As far as anyone can properly ascertain (and no, this is not a green light for ident obsessives to harangue me with demands to rewrite the piece to their own specifications), BBC Test Card F was first transmitted by BBC2 on 2nd July 1967, while The Wind Cries Mary had been released as a single on 5th May 1967. And, more problematically still, had been recorded on at De Lane Lea studios on 11th January 1967, famously put together on the spot after Hendrix turned up with a new song when The Experience had nominally convened to put Purple Haze down on tape. Even allowing for all for all that slowed-down spaceman-voiced blabbering about bending the rules of space and time on Third Stone From The Sun, could Jimi Hendrix really have foreseen the future of broadcast continuity with such uncanny accuracy? Well no, he couldn’t. But my contention here is that the story is more or less true, only slightly distorted by the passage of time, the vagaries of popular culture, and, well, Love Or Confusion, and that Kathy Etchingham was simply getting her TV Clowns wrong.
Let’s consider a few suitably hazy, if not necessarily purply, variables here – putting it as delicately as possible, it doesn’t exactly sound like this was the only row the couple had, and it’s easy for emotionally-charged details to become conflated and confused; there’s also nothing – especially given the sheer amount of times that the Test Card in whatever alphabetical incarnation would have been seen in a single twenty four hour stretch back in the days of daytime and overnight closedowns – to suggest what time of day the storming out, the waiting and the songwriting took place – all we know for definite is that Hendrix turned up to the studio with the song completed, and while it’s tempting from a narrative point of view to suggest that he’d written it the night before, in all likelihood it probably took a couple of days to compose; and noughts-wielder Bubbles was far from the only clown hovering silently around the nation’s television sets around that time. Yes, in case you hadn’t worked it out already, it’s my suggestion that Jimi Hendrix had actually been watching Camberwick Green.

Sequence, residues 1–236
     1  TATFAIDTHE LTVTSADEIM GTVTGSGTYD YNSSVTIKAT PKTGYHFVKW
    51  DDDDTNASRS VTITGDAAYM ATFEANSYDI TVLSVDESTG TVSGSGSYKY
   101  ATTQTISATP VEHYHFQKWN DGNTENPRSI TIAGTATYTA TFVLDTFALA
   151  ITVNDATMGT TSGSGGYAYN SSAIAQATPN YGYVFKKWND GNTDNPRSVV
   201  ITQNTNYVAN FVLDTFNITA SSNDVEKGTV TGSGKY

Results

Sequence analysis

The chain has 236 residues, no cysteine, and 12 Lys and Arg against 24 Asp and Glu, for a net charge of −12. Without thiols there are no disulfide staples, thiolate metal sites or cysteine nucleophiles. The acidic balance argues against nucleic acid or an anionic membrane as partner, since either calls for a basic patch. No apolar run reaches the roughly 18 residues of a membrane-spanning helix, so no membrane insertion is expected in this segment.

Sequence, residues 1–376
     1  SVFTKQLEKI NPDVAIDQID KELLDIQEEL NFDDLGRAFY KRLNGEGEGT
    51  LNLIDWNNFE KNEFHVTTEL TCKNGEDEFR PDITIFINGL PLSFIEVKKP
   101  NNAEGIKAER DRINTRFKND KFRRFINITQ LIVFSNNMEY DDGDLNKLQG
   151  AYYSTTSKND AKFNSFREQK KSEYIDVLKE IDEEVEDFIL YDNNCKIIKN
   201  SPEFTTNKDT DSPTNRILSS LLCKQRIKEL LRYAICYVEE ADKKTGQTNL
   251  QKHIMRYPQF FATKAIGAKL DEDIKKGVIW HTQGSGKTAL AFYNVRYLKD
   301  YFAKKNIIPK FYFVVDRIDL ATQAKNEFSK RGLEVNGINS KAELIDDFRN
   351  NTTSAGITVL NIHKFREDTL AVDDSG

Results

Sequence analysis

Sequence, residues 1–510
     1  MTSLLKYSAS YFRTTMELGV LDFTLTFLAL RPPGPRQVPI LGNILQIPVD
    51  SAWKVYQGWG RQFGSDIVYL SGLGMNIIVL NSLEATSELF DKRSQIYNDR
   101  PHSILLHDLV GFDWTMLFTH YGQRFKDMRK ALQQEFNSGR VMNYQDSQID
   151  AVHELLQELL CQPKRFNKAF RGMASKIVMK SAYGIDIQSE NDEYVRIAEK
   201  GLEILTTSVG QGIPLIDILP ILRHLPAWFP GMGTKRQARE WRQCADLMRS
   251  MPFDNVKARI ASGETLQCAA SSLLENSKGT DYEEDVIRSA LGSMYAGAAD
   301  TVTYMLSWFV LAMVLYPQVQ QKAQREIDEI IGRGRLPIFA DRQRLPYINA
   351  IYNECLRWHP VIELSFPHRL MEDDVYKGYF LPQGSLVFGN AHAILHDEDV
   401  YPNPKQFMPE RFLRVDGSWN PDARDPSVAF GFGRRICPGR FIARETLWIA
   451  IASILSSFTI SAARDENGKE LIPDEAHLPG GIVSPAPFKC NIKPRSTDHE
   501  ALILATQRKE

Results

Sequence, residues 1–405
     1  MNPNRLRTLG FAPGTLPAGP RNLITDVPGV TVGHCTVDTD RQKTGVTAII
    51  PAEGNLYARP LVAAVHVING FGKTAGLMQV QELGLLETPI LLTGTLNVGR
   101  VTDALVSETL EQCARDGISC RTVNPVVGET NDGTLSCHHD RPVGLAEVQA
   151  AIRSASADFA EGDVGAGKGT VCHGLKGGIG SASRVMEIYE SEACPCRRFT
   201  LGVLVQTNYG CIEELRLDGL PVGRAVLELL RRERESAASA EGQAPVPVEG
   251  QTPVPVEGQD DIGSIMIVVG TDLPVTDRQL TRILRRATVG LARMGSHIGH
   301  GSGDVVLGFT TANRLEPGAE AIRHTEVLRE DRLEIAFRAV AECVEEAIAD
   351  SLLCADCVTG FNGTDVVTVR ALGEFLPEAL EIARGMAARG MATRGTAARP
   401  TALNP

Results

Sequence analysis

Not convinced? Or simply rolling your eyes in exasperated amusement at my shoehorning in of yet another of my popular cultural obsessions? Well, let’s crunch a few numbers. Peter The Postman, the first episode of Camberwick Green, was repeated by BBC1 – its fourth showing in twelve months – at 1.30pm on 6th January 1967. The full opening lyric of The Wind Cries Mary is of course “after all the jacks are in their boxes, and the clowns have all gone to bed”, and as Camberwick Green infamously ended with the episode’s central character rotating away into a Music Box, followed by a terrifying glowering clown operating a roller caption with the show’s end credits on them (and, perhaps not coincidentally, all of it accompanied by some natty and inadvertently psych-friendly guitar work from Freddie Phillips), it doesn’t take much in the way of imagination-stretching to see that this is a much better fit than Test Card F would have been even if it was a chronological possibility.